It is just over a week since the tragic event that has shocked the world with the killing of George Floyd while in police custody. Many of us will have seen the video of the last few minutes of his life and been horrified by what we saw.
Since then, protests have spread across America, anger and resentment has surfaced, violence has spread. Some of us will have seen Terrence Floyd, George’s younger brother, speaking out against ongoing violence while standing at the place where his brother was killed.
Many people in many countries have spoken out against this act, much has been shared on social media as people seek to stand in solidarity with the injustice and oppresion they see – the inequality that is still seen to divide people of different ethnicities and skin colour.
What can I contribute – as someone who lives under “white privilege”, as someone who hasn’t experienced the abuse and oppression that many round the world do?
As I was thinking about that question I thought back to different times in my life when I had seen examples of racism or, alernatively, privilege.
One time when I particularly experienced privilege due to my being white and from a rich country was when on a trip to Thailand I gashed my leg quite seriously and there were real concerns that it could become infected (which it did). My host took me to a local hospital to be treated and I suddenly became aware that I was being led past a long queue of people waiting to see doctors, nurses. etc. I felt this was wrong – as well as being unnecessary – and tried to protest. But I was told this is “how it is” and that even the people whose queue I was jumping would want this to happen. My position as a tourist who would be benefiting their economy meant I was seen as a higher priority than the local people. A difficult moment.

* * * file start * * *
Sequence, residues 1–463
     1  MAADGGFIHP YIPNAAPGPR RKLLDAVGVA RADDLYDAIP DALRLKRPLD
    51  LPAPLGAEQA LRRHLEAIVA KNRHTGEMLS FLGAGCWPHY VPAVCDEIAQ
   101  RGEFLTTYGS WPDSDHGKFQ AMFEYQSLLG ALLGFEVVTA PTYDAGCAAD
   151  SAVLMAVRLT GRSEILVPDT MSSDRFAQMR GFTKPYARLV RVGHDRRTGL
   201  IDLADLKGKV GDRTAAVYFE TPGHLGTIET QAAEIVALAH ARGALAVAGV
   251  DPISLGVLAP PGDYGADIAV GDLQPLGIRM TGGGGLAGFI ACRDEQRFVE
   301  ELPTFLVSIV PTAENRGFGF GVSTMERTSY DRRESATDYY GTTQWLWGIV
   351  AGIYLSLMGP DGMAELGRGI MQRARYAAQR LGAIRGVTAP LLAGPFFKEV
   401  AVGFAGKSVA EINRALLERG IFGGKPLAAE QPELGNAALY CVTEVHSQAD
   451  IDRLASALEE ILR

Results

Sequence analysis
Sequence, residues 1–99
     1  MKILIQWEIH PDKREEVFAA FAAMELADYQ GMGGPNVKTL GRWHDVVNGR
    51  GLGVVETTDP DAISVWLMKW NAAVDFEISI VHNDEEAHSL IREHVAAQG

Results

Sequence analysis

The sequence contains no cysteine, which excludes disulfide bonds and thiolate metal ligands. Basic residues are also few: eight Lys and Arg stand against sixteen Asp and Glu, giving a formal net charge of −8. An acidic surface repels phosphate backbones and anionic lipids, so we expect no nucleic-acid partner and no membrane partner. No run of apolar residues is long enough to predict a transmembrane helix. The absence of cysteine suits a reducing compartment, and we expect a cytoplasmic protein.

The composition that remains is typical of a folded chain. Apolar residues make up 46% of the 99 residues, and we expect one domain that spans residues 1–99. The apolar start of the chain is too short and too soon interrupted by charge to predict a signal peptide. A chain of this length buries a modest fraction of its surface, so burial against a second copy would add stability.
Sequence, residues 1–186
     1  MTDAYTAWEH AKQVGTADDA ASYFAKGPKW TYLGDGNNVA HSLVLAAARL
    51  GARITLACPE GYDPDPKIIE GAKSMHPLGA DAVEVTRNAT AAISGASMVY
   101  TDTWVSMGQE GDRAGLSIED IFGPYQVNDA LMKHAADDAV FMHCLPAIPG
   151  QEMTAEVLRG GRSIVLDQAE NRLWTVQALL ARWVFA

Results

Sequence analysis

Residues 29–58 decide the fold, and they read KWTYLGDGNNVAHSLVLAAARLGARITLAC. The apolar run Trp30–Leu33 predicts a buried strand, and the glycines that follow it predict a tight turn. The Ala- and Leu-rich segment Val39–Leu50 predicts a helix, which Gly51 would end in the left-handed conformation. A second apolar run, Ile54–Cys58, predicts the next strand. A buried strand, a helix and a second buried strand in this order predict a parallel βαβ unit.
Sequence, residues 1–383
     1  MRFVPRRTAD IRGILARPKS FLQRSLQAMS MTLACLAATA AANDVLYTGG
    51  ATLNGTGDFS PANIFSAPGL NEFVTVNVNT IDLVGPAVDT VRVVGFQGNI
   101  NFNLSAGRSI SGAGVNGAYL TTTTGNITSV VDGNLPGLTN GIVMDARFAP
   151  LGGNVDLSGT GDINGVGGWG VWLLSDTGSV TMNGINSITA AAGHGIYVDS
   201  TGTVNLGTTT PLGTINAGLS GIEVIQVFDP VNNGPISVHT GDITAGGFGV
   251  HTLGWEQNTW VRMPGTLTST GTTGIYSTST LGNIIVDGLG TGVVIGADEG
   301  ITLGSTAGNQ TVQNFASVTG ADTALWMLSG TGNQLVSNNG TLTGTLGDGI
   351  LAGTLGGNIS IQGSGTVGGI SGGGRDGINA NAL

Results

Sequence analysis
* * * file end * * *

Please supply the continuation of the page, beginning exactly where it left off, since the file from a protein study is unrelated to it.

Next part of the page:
In my early years in IT, I was working in a team where the boss often referred to his deputy as a “waste of skin”. It was a term that I really struggled with although the person to whom it was addressed – someone from Asia – didn’t seem to mind, but I have no idea what he was thinking. I like to think that I spoke up about it but it is a long time ago and I don’t really know.
On the same trip to Thailand, with a group of other Baptist ministers, we suddenly found out that one of our friends, an African, was only being accepted -within the local church – because he was with a group of white people. If he had been on his own he would not have been received so positively, our status was rubbing off onto him. A really distressing thing for me to realise and to reflect on, but how much more distressing for him.
I have had the privilege of leading a church with people from 20 different nationalities. Their different perspectives and cultural backgrounds brought a buzz, a sense of life. But work continually needed to be done to avoid them being pressured to constrain themselves to the “white way” of doing things.
I have also spent time with people who complain about their new neighbours, saying they are scared of them simply because of the colour of their skin.
These are just some occasions when I have become aware of people being treated differently because of their ethnic background or skin colour. Sometimes I was able to try to do something about it, sometimes – to my shame – I was not.
But I wonder how many times it has happened around me and I have been totally unaware of what was going on? How have people, my friends and colleagues, felt about my lack of understanding and my silence in those situations? I don’t know and, for any to whom I have caused hurt in this way, I am deeply sorry.
What then, particularly as people of God, should we do?
Jesus encourages us to pray that God’s kingdom comes to earth, that His will is done in the same way as it already is in heaven (Matthew 6:9-10). And in the book of Revelation we get a hint of what that will be like:
Any idea of segregation or relative priority or privilege will be gone and we will be totally united together before Jesus. And the song we will sing reminds us of what He has made possible
This is the bright future we can look forward to – something we are called to pray for, but also something we are called to work towards.
Let’s be prepared to seek that unity, that togetherness, so that we can all enjoy it together now instead of waiting until we get to see Jesus.
A call to be more aware of – and to stand against – racism, oppression, segregation, discrimination, in any form.
And a commitment to seek to do so to the best of my ability.